Alexander Hyatt
Physics Lab 124021
April 11, 2007
Abstract
The purpose of this lab experiment was to investigate rotational dynamics.
More
specifically, how the changes in torque and the moment of inertia affect the angular
acceleration of a rotating system.
Also included in the experiment, was determining the
moments of inertia of various rotating bodies. The moment of inertia was found in two
ways: experimentally and theoretically.
The theoretical value was found by using an
equation which used measured values to calculate the moment of inertia. The
experimental value was found by taking the torque and dividing it by the angular
acceleration.
The percent difference was taken between the two values.
Experiment
Note: rs is a constant used through all three experiments and its value is .0125 m.
Table 1
Data Table Exercise 1: Rectangular Bar
Bar mass, Mb
=
.558 kg
Bar length, a
=
.51 m
Bar width, b
=
.06 m
Total hanging
Rotational
mass, mh
acceleration, α
Torque,
τ
(kg)
(rad/s^2)
(N m)
0.055
0.533
0.006740
0.075
0.719
0.009188
0.095
0.906
0.011636
0.115
1.11
0.014082
0.135
1.325
0.016526
0.155
1.51
0.018970
0.175
1.74
0.021412
0.195
1.91
0.023854
The first experiment involved rotating a rectangular bar.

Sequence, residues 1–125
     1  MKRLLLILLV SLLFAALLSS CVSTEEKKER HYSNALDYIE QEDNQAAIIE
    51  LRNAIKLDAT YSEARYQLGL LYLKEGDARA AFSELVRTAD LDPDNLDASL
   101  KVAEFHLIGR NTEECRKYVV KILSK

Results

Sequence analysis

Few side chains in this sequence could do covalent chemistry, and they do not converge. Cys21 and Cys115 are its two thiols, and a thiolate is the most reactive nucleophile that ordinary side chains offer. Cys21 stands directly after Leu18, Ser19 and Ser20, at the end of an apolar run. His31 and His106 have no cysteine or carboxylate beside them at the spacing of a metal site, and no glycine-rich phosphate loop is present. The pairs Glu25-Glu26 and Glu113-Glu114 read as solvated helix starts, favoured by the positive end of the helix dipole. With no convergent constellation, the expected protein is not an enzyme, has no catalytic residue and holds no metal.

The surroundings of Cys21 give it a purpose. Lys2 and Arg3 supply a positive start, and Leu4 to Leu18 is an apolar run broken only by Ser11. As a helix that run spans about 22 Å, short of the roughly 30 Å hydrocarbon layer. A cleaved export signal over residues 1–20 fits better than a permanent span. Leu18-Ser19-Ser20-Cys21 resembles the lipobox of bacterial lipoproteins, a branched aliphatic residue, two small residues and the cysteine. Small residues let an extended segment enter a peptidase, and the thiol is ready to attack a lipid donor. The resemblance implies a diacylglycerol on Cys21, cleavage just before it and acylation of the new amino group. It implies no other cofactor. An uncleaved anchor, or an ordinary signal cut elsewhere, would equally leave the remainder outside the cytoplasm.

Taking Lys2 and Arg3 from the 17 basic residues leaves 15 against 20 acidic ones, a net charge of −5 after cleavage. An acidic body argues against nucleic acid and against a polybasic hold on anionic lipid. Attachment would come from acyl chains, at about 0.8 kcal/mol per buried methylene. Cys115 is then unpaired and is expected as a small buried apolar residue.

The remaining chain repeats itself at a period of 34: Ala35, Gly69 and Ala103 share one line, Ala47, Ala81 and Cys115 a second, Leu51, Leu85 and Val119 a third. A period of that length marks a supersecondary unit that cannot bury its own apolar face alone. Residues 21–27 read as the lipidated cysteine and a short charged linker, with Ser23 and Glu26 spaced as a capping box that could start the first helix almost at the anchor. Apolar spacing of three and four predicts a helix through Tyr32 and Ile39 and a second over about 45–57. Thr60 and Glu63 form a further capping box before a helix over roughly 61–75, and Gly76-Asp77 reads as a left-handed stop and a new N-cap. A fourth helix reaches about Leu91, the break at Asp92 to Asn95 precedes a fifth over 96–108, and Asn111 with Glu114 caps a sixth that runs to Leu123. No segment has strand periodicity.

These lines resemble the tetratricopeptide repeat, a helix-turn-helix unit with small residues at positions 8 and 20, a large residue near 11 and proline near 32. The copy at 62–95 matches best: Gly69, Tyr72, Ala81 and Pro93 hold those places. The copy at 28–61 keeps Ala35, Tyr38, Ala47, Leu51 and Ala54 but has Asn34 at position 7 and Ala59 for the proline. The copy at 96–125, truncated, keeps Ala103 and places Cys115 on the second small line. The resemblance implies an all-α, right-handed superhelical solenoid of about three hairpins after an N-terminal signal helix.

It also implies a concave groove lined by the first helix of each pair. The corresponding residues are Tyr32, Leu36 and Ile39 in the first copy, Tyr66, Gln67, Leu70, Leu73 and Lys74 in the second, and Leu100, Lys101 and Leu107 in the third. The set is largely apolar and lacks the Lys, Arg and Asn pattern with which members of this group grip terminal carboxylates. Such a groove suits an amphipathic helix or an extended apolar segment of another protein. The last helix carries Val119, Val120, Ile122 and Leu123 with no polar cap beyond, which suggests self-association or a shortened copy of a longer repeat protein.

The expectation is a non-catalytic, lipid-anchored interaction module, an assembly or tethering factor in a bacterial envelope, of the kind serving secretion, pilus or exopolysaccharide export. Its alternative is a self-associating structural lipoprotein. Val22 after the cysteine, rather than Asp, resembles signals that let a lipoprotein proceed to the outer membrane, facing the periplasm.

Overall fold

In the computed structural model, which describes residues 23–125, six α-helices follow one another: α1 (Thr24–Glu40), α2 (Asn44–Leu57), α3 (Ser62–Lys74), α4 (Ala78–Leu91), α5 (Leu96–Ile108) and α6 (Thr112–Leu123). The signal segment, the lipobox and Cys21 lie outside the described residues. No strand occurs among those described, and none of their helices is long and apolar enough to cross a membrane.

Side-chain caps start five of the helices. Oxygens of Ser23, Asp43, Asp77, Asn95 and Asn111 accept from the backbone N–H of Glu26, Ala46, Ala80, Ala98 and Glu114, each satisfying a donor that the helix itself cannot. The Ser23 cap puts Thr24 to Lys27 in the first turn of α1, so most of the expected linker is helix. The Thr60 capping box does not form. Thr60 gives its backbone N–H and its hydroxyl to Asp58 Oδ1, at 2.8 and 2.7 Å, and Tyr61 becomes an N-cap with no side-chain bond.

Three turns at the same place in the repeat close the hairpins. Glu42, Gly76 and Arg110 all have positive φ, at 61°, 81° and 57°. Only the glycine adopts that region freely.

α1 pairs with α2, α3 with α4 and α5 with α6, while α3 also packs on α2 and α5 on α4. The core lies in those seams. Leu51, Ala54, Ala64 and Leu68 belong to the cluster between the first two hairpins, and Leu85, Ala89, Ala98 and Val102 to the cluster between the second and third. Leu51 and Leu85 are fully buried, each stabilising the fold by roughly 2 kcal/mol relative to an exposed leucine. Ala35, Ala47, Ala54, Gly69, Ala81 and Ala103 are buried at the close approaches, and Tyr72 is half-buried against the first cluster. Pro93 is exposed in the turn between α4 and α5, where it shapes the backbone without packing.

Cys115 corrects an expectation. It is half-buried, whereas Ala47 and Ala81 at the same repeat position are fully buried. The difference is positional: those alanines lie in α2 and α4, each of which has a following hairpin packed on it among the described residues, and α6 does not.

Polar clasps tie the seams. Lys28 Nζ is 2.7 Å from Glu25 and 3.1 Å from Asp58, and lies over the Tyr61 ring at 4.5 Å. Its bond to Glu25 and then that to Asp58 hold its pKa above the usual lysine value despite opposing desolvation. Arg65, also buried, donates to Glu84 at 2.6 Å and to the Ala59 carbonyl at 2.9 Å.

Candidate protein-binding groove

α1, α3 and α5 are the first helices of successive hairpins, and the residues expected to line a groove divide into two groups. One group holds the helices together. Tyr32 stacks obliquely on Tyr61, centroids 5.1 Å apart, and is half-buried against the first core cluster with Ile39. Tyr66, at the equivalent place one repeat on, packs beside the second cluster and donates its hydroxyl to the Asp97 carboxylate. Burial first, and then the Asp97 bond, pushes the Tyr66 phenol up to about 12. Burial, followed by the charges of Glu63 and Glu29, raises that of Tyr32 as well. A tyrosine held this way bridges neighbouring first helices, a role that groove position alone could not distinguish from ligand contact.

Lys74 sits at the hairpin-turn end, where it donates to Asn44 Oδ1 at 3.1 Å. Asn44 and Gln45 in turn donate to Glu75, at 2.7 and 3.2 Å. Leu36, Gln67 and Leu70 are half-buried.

Again, to find the
moment of inertia, I, the torque needed to be divided by the rotational acceleration.
The
data was graphed in excel, and the slope of the trend line was found.
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Alexander Hyatt
Physics Lab 124021
April 11, 2007
Table 2
Data Table Exercise 2: Solid Disk
Disk mass, Md
=
1.401 kg
Disk radius, Rd
=
.115 m
Total hanging
Rotational
mass, mh
acceleration, α
Torque,
τ
(kg)
(rad/s^2)
(N m)
0.055
0.742
0.006738
0.075
1.05
0.009185
0.095
1.32
0.011630
0.115
1.63
0.014073
0.135
1.9
0.016514
0.155
2.15
0.018955
0.175
2.48
0.021392
0.195
2.74
0.023828
Exercise 2 was done with a Solid Disk.
A graph of rotational acceleration vs.
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 Spring '07
 Jay
 Acceleration, Angular Momentum, Inertia, Moment Of Inertia, Rotation, Alexander Hyatt

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